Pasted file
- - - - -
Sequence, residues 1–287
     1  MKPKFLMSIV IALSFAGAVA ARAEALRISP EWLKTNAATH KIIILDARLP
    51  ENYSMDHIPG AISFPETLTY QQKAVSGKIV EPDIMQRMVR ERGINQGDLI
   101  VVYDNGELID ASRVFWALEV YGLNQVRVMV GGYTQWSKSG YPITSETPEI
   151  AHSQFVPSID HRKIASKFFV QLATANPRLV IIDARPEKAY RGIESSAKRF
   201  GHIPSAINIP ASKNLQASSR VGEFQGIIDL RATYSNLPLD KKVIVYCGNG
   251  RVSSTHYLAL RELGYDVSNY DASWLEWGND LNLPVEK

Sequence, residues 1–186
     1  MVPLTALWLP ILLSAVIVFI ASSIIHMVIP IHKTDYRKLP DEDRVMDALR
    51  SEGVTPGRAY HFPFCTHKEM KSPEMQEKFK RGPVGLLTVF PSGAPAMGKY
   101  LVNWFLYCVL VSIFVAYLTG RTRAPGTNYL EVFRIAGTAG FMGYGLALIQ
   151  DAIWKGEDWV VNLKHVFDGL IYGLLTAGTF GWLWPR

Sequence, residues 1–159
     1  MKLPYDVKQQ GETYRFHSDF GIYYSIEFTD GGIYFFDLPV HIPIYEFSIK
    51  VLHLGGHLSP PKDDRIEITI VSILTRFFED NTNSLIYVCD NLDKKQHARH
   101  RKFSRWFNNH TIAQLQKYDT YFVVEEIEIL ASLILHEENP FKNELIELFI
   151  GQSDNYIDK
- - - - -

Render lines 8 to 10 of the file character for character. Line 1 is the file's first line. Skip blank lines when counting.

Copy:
Sequence, residues 1–186
     1  MVPLTALWLP ILLSAVIVFI ASSIIHMVIP IHKTDYRKLP DEDRVMDALR
    51  SEGVTPGRAY HFPFCTHKEM KSPEMQEKFK RGPVGLLTVF PSGAPAMGKY